6 Illegal Interview Questions to Avoid

Hiring and specifically interviewing candidates is a task most managers and business owners often dread. As you prepare to interview, you probably create a list of questions you want to ask that person. It’s equally important to know what questions you shouldn’t be asking a potential employee, to avoid legal trouble.

What makes an interview question illegal?

What makes an interview question illegal is its potential for discrimination based on the candidate’s answer. Federal laws under Title VII of the Civil Rights Act of 1964 prohibit discrimination against a job applicant or employee based on a variety of characteristics, including race, color, national origin, sex, gender identity, sexual orientation, age, disability, religion, political views and family status. Employers with at least 15 employees are subject to these laws, which are enforced by the U.S. Equal Employment Opportunity Commission (EEOC).

There is no specific law that states which questions are illegal to ask. It is in asking certain questions with discriminatory intentions that makes questions illegal and best to avoid to prevent any claims of discrimination. Here are 6 interview questions to avoid and why:

Here are 6 common illegal interview questions to avoid and why:

  1. How old are you? Though it is legal to request a candidate’s date of birth to run a pre-employment background check for example, directly asking candidates their age or when they graduated high school can be troublesome if a candidate feels that is the reason they were not hired for the position.
  2. Where are you from? or Is English your first language? You can ask a candidate if they are eligible to work in the United States, but asking a candidate specifically where they’re from could be grounds for national origin discrimination.
  3. Are you married? It may seem like a simple topic to initiate small talk, but asking a candidate if they’re married or planning to have children, may open the door for pregnancy or sexual orientation discrimination claims.
  4. Do you have any health conditions? Rather than asking about a candidate’s health, ask questions that are directly related to the demands of the position, such as “Are you able to lift 50lbs several times throughout the day?”
  5. Have you ever been arrested? It’s not illegal to ask about a candidate’s criminal history, but you cannot ask if a candidate has been arrested because the fact that an individual was arrested is not proof that he or she engaged in criminal conduct. An individual’s arrest record standing alone may not be used by an employer to make a negative employment decision.
  6. Are you in debt? You may choose to run pre-employment credit history checks as part of your hiring process, however, you cannot base your employment decision on that information without giving the candidate a pre-adverse action disclosure that includes a copy of the report and a copy of the candidate’s rights under the Fair Credit Reporting Act (FCRA).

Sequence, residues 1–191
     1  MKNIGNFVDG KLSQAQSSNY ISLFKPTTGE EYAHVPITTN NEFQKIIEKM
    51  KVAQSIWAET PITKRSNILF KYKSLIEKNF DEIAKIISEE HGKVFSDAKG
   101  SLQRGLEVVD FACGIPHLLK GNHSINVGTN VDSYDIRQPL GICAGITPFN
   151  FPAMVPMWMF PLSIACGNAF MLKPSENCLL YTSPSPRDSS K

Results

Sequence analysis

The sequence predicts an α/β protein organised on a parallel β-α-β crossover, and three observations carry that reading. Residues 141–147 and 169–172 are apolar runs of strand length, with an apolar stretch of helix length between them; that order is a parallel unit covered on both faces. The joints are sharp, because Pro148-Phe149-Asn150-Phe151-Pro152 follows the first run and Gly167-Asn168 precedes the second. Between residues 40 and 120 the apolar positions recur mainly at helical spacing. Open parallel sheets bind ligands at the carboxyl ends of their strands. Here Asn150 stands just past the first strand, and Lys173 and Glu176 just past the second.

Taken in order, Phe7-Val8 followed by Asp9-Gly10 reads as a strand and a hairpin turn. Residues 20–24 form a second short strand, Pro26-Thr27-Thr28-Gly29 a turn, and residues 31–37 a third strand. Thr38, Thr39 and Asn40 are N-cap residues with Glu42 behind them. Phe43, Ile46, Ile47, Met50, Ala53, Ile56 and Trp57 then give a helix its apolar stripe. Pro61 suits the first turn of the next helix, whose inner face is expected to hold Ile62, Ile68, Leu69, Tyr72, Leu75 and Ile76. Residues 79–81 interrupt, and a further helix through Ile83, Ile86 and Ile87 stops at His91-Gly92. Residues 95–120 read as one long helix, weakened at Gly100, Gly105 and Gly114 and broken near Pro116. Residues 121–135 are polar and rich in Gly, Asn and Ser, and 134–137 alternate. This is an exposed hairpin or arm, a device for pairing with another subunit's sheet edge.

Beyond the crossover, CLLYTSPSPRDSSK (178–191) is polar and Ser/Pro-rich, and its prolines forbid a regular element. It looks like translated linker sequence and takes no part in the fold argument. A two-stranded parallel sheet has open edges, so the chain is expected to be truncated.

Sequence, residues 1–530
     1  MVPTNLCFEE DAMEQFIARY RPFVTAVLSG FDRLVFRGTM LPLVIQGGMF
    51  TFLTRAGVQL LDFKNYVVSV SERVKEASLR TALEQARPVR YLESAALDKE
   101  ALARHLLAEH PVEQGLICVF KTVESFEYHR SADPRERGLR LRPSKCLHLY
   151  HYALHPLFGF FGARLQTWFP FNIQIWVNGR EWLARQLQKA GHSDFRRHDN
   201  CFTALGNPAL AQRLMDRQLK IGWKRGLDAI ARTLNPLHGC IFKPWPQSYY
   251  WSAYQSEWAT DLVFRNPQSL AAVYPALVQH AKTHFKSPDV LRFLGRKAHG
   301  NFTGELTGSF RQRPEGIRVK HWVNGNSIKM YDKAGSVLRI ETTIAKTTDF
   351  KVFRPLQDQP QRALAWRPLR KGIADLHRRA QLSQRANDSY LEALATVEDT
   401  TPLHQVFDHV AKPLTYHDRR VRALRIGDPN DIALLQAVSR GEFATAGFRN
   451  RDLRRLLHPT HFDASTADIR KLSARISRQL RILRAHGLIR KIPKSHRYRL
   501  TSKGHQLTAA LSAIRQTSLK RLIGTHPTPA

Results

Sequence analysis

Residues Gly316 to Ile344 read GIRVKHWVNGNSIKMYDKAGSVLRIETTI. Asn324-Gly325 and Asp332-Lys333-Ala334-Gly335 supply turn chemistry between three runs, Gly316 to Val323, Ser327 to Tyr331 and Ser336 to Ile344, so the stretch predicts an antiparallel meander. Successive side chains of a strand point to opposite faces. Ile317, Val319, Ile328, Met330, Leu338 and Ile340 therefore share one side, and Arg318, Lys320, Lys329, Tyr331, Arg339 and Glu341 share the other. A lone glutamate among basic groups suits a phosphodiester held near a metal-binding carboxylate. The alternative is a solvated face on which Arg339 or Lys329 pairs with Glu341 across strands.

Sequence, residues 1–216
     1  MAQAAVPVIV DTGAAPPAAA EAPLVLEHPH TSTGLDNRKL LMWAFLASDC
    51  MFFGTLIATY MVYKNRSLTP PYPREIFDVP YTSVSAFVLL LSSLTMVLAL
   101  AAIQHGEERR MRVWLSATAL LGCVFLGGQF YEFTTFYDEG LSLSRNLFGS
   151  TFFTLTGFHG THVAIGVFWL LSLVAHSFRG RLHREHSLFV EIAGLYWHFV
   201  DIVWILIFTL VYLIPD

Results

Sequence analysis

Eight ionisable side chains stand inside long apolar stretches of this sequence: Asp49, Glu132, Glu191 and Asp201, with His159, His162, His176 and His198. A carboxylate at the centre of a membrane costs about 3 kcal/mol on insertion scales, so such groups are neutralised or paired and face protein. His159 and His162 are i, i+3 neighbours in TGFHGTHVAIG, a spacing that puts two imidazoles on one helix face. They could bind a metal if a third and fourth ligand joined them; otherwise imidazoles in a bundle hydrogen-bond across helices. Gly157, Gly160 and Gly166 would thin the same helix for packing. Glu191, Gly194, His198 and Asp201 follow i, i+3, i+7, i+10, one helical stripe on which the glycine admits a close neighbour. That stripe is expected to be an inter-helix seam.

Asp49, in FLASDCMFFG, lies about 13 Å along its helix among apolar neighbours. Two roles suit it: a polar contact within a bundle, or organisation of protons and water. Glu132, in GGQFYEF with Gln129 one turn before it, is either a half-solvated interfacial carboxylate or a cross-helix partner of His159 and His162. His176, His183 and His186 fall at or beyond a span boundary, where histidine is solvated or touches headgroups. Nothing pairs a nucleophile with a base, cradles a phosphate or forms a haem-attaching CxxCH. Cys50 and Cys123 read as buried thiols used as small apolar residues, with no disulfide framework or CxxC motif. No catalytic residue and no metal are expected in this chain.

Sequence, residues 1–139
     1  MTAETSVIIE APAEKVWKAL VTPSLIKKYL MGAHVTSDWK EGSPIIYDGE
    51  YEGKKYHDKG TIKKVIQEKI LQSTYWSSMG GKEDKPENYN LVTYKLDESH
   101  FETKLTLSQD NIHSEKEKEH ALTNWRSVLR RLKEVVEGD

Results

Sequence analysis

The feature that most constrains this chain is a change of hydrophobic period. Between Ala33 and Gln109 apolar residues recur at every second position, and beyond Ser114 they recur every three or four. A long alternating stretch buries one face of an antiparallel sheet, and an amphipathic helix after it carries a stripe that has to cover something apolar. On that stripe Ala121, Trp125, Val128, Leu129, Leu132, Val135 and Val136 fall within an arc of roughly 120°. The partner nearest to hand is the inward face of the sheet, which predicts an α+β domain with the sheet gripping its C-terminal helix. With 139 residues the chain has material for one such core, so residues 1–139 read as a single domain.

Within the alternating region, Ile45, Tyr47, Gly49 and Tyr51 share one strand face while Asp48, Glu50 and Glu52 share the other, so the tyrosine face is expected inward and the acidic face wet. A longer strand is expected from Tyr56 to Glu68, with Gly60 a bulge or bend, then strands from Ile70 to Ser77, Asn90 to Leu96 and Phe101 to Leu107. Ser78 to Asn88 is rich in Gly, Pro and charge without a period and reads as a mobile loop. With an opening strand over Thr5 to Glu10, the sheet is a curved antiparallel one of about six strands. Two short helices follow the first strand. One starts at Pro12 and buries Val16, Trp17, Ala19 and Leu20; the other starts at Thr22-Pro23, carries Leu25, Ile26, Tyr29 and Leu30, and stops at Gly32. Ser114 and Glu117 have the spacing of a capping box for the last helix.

Remember, this list is only a sampling of the most common interview questions to avoid.

If you have questions about interview questions, contact our HR team who can help you determine if your interviewing process is on the right track.

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Hiring an Intern: What you need to know

The role of the intern is not what it used to be. Internships these days require more than making a Starbucks run or picking up the boss’ dry cleaning.

Establishing an internship program is a great way for your company to build a pipeline of talent. However, things are not what they used to be. There are several considerations when creating your internship program.

Under the Fair Labor Standards Act (FLSA), most interns are considered employees subject to the FLSA’s minimum wage and overtime requirements. However, if an intern is not an employee within the meaning of the FLSA, then the FLSA’s minimum wage and overtime requirements do not apply. The Department of Labor uses a Six-Factor Test for Unpaid Interns.

The DOL’s Six-Factor Test for Unpaid Interns

Under the DOL’s test, an employment relationship does not exist under the FLSA if all the following factors are met:

  1. The internship must be like training that would be given in an educational environment;
  2. The internship must be for the benefit of the intern;
  3. The intern does not displace regular employees, but works under close supervision of existing staff;
  4. The employer derives no immediate advantage from the intern, and on occasion, its operations may be impeded;
  5. The intern is not necessarily entitled to a job at the end of the internship; and
  6. The employer and intern understand that the intern is not entitled to wages for the time spent in the internship.

If you’re considering an internship program, consult with legal counsel to ensure compliance with all applicable laws and regulations.

When in doubt, it’s best to classify interns as employees and pay them as required under applicable federal, state, and local law. These days, it pays to be cautious.

If you’re a Miami Payroll Center client, we can provide guidance and best practices with respect to internships. Contact our HR Team at (305) 273-4066.

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Job Prospects Looking Up for New Grads